METRANS

11-21 Investigation of Fracture Properties of California Asphalt Concrete Mixtures

Project Number

11-21

Project Summary

Investigation of Fracture Properties of California Asphalt Concrete Mixtures

Project Status

Complete

Project Report

Project Brief

Year

2011

Topic Area

Infrastructure

P.I. Name & Address

Assistant Professor, Department of Civil Engineering and Construction Engineering Management; College of Engineering
California State University Long Beach
1250 Bellflower Blvd.
VEC-205
Long Beach, CA 90840
United States
Shadi.Saadeh@csulb.edu

Project Objective:

California Department of Transportation (Caltrans) had recently adapted the mechanistic empirical pavement design method to replace the older Hveem method. The University of California Pavement Research Center (UCPRC) is currently developing a mechanistic empirical pavement design method CalME, Kohler et al (2006). The program will predict the performance of flexible pavement based on the engineering properties of its constituents. The major distresses that are addressed for the flexible pavement are rutting, fatigue cracking and low temperature cracking. In their effort to predict the material performance, UCPRC is conducting several performance tests on asphalt concrete mixtures that are used in California. In addition, they are developing constitutive models to predict the material performance under several loading conditions.

This research will address the fracture properties of 16 California asphalt mixtures that are used in the development and calibration of CalME. UCPRC had conducted and in the process of conducting Beam Fatigue tests (BFT) on these mixtures. After communication with the researchers at UCPRC they indicated that further investigation of the fracture properties using monotonic loading (using SCB) is needed for comprehensive characterization (the attached letter of participation). The objective of this research is to investigate the fracture properties of California asphalt concrete using monotonic loading by Semi Circular Bend test. The SCB test will add valuable input to the development and calibration of CalME.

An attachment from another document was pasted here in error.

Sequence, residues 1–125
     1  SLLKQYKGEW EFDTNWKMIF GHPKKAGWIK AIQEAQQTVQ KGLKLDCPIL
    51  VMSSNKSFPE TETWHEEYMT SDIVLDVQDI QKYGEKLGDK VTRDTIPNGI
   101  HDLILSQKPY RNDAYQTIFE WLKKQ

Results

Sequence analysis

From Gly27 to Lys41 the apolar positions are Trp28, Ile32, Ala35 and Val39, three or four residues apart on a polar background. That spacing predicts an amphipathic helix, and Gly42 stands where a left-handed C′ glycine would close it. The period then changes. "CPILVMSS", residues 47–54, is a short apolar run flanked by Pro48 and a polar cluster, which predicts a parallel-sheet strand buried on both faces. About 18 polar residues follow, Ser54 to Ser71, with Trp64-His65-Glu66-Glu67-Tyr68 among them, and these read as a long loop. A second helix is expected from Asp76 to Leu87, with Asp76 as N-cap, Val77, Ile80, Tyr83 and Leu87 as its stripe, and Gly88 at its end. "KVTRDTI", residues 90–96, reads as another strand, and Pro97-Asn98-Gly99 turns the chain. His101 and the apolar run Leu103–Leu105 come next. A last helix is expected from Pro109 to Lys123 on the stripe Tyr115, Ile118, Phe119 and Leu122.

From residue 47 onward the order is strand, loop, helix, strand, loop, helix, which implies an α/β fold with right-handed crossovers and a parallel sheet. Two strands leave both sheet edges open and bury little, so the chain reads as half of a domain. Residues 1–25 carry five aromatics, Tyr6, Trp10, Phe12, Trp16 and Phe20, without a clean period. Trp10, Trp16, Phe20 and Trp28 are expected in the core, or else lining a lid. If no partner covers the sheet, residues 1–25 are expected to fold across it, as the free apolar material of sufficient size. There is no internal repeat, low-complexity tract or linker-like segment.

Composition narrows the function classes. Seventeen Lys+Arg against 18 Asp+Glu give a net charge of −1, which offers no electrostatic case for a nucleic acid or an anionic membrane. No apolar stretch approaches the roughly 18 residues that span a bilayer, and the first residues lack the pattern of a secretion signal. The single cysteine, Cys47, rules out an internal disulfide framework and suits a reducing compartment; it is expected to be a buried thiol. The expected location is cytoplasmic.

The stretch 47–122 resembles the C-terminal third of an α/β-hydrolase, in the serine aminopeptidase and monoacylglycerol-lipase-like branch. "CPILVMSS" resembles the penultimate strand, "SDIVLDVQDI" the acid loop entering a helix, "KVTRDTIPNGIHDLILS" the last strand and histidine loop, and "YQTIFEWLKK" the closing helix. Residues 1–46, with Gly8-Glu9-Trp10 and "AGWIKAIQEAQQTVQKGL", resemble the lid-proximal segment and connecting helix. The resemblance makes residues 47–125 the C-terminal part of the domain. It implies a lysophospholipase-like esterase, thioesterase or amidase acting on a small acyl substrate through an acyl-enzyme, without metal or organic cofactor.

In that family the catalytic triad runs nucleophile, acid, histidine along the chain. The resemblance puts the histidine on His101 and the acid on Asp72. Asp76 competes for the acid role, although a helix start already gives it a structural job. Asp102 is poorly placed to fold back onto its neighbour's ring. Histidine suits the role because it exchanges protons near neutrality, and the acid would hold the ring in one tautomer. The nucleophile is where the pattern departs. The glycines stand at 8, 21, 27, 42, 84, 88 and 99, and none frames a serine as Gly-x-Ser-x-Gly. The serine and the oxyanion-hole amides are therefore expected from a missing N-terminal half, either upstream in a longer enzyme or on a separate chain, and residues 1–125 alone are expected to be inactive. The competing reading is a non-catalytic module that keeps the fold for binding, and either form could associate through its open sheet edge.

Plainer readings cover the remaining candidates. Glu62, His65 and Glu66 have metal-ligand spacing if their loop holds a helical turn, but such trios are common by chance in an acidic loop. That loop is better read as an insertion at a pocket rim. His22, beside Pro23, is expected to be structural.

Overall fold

The experimental factorial will include mixtures with different properties including, five open-graded types of mixtures, two rubberized hot mix asphalt – gap graded (RHMA-G) and polymer modified mixtures, and nine rubberized warm mix asphalt – gap graded (RWMA-G) mixtures. The SCB test will be conducted on all these mixtures. The fracture properties for some of these mixtures will be further investigated for the model calibration.

Task Descriptions
(1) Literature review
(2) Preparation of test specimens
(3) Conduct laboratory experiments
(4) Data analysis
(5) Draft final report

Milestones, Dates:
(1) August 2010 – October 2010
(2) October 2010 – November 2010
(3) November 2010 – February 2011
(4) March 2011 – June 2011
(5) May 2011 – July 2011

Total Budget:
$89,976

Student Involvement:
One graduate student at 50% effort for 9 months

Relationship to Other Research Projects:
10-24 part of the infrastructure focus area

Technology Transfer Activities:
Project report will be posted soon

Potential Benefits of the Project:
Support for the University of California Pavement Research Center (UCPRC) mechanistic empirical pavement design method, CalME

TRB Keywords:
Highways, Materials, Pavements

Primary Subject:
1p.2 To address the fracture properties of 16 California asphalt mixtures that are used in the development and calibration of CalME.